On Sunday 23 August 2009 12:21:07 pm Josh Berkus wrote:
> Viewpoints of "we should ignore analysts" or "we should target them" are
> too simplistic. As with *every* advocacy activity (and, for that
> matter, hacking) there's a cost/benefit ratio to everything.
> Advocacy has several purposes:
> 1. to drive awareness of PostgreSQL so that people try it out and some
> become users
> 2. to show PostgreSQL as a legitimate business option, so that companies
> adopt PostgreSQL as well as individual developers
> 3. to make our users excited about current development and releases so
> that they participate in our community, or even become contributors
> 4. to make developers aware that PostgreSQL has ongoing development and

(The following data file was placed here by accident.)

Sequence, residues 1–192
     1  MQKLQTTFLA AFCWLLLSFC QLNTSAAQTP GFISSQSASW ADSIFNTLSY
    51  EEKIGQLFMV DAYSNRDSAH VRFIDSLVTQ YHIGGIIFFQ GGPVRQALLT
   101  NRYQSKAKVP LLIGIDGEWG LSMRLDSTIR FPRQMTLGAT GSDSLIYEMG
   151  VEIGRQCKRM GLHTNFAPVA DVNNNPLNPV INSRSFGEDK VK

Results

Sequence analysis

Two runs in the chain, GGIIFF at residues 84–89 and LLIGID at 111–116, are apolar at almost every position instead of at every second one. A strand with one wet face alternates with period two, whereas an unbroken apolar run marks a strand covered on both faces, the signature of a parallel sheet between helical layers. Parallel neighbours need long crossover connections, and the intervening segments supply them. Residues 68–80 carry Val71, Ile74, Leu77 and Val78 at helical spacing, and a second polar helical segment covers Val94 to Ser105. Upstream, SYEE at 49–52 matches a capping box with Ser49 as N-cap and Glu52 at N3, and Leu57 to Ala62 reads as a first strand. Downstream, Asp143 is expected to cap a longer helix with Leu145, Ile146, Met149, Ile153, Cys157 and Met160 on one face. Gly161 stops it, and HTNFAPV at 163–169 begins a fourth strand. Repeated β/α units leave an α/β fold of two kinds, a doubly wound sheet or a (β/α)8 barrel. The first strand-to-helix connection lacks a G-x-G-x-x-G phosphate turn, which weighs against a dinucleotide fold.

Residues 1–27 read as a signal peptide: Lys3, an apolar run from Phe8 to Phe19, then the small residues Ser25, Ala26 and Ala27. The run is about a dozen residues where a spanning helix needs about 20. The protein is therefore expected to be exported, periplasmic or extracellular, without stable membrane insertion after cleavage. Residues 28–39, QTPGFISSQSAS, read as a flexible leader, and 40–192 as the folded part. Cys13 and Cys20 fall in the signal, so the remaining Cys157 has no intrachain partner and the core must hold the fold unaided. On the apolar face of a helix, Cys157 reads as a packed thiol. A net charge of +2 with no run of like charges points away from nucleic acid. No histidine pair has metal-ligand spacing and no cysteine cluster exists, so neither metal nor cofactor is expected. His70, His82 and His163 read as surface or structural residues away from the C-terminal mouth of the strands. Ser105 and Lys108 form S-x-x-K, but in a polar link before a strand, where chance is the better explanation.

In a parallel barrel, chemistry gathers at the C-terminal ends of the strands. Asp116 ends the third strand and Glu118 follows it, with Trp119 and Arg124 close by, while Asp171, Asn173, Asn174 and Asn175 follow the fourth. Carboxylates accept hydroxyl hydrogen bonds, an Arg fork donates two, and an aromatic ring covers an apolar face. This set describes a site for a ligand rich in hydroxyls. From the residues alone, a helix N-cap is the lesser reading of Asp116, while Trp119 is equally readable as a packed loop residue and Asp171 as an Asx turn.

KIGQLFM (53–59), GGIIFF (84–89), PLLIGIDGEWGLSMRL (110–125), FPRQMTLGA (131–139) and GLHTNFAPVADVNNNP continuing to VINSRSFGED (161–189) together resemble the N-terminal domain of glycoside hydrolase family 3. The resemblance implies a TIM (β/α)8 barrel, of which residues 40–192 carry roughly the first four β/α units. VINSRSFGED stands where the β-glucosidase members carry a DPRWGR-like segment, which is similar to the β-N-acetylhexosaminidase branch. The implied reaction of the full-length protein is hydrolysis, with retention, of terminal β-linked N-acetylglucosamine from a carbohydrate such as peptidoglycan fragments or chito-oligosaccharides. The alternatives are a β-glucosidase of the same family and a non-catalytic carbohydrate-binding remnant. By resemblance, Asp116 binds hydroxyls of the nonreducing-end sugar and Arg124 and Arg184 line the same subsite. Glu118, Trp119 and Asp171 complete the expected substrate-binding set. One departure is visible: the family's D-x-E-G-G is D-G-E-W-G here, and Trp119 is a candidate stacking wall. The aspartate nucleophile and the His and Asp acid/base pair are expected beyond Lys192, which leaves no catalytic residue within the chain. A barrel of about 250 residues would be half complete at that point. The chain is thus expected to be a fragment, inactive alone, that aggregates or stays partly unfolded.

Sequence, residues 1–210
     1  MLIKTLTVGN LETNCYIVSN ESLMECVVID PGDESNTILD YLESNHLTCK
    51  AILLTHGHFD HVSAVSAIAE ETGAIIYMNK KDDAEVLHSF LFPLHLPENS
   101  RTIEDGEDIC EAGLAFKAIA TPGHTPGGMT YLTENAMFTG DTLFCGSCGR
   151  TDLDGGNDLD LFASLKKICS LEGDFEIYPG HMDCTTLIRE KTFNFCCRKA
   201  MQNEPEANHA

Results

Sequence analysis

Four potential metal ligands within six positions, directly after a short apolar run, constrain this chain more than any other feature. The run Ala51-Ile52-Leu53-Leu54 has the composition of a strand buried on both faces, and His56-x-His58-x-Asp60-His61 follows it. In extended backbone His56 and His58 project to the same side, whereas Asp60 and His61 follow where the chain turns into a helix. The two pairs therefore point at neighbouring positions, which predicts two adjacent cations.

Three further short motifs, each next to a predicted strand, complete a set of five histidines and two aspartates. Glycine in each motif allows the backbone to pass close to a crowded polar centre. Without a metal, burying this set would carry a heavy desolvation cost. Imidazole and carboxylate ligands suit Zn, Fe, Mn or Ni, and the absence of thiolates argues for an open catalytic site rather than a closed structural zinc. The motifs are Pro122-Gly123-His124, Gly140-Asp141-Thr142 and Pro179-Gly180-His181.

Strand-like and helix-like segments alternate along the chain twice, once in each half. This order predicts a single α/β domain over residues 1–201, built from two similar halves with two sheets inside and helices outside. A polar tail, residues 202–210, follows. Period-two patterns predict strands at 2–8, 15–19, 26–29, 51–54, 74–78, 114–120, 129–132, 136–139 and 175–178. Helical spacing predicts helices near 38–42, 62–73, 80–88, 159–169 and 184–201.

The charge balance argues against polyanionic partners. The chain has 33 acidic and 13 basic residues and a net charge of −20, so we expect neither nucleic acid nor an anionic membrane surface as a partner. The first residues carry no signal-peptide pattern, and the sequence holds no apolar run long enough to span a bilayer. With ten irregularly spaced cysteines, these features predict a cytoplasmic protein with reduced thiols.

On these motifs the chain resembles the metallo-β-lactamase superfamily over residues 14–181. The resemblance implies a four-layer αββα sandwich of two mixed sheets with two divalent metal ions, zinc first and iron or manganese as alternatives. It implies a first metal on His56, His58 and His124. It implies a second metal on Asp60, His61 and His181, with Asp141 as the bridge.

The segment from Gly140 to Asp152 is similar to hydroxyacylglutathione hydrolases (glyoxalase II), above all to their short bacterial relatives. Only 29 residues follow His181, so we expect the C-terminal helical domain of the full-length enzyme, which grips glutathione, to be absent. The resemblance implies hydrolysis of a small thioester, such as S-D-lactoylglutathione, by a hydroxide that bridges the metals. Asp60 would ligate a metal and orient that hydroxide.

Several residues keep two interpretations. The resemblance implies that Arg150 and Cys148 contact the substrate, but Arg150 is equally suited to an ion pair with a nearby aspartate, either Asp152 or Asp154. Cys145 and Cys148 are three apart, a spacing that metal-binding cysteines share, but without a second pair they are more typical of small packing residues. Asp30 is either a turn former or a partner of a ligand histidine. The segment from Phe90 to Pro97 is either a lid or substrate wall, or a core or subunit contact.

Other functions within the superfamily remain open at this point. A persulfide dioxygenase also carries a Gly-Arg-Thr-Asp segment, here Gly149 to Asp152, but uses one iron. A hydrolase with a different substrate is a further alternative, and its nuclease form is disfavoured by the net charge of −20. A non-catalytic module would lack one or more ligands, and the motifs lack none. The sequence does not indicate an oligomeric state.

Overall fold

> new features so that we don't start losing users (and contributors) to
> newer databases which appear more exciting.
> No one method (word-of-mouth, analysts, press releases, blogging,
> conferences, case studies, user groups, website, internal
> communications) will accomplish all of the above. We have to use
> several methods; in fact, I'd prefer to use all of them (you'll note
> that I omitted direct marketing, though, which I don't think is
> appropriate for us).
> And to those who think (2) isn't important: how many features would be
> in 8.4 now if there weren't full-time paid developers contributing to
> PostgreSQL? Why do you think someone is paying those developers'
> salaries? It's not out of altruism.
> So in the case of analysts, it's a case of "can we influence this
> analyst to produce a favorable report? How much will it cost, and how
> many people will it reach?" Not an argument of "are analysts good or bad."
> Josh Berkus
> PostgreSQL Experts Inc.
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